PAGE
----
|"Moi" next to El Paso Electric CEO, Mary Kipp|
Back on September 15th I had the great honor to be invited to the celebration of El Paso Electric's new Montana Power Station. What a beauty - a work of masterful engineering and design. It made me proud to be an El Pasoan. This new and efficient power plant will emit 50 to 60 percent less carbon dioxide than coal burning generators. El Paso Electric had already severed its ties with coal. Bravo.
However, there may be a fly in the ointment. To be exact, there may be several.
I should preface my remarks. Technology - "clean" technology - is not without its tradeoffs. There are always consequences. There is nothing 100% clean. The production of solar panels is not without environmental consequences. Is a modern, efficient natural gas powered station good? Yes, for now. Ultimately to reduce carbon emissions, we will still need to switch to renewables.
Take a look at the infographic from the Union of Concerned Scientists:
You will have to click on the image to read it. You can also read the analysis at The Climate Risks of Natural Gas.
Switching to natural gas does reduce carbon emissions. However, if you take into account the increasing demand for electricity (and as I type this I am aware of the demand that I am making for energy), we are back to almost the same problem as we have had with coal. True, natural gas doesn't put nasty things "such as lead, mercury, nickel, tin, cadmium, antimony, and arsenic, as well as radio isotopes of thorium and strontium." Yum. (See Environmental Impacts of Coal.) It does, as far as I know, add some nitrous oxides to the atmosphere.
Besides the bugs mentioned by the Concerned Scientists (I hope that occasionally they get out and have some fun), there is another fly: fracking. Fracking is reviving the Texas oil business. The cheap gas produced from fracking is great for the electric power industry. It makes good business sense to buy and use natural gas.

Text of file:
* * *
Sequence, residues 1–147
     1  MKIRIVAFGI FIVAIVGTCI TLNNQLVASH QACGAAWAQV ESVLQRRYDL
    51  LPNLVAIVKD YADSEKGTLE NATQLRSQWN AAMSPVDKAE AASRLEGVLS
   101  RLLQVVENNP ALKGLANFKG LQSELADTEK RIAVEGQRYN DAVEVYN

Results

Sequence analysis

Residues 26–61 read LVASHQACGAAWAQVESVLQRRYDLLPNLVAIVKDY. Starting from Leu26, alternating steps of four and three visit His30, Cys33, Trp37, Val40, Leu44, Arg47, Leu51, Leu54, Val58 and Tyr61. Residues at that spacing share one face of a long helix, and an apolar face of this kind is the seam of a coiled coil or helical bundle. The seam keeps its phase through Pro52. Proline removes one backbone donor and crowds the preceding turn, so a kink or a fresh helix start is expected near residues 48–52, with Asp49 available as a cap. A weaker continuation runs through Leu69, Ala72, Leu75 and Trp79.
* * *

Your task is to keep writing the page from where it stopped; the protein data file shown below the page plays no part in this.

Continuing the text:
I asked EPEC's PR guy, Eddie Gutierrez, where they get their natural gas. His answer: "We purchase gas from a number of different suppliers through a competitive bid process so the actual suppliers will vary over time. We probably have at least 15 different suppliers, including Apache, Sequent, Shell, EDF, Freepoint, UET. Gas that we purchase from these suppliers primarily originates in or around the Permian Basin and once purchased, we will ship to our plants using rights that we have on the Kinder Morgan (old El Paso natural gas pipeline) and Oneok pipelines."
So then I asked him what he thought about fracking and its environmental impact. He would get back to me, he said. He had to discuss it with the attorneys. To date, no response.
I asked the question because I doubt if much natural gas any longer comes from non-fracked wells. Besides, something tells me that you just can't call your distributor and tell her that you want all non-fracked natural gas. In buying and selling and distributing and burning, I don't think such distinctions are made; and, if they were, they would be terribly expensive - unsustainably expensive.
Still, the question remains and not just for EPEC - for the entire industry moving more and more to natural gas. Do they, will they take into consideration the environmental damage caused by fracking? EPEC says that they are a solar leader. Let's hope that they have a long range goal of 100% renewable energy.
To be sure I need to revisit the Montana Station. I didn't have the opportunity to take the tour after the ceremony. I'm sure that I can learn more.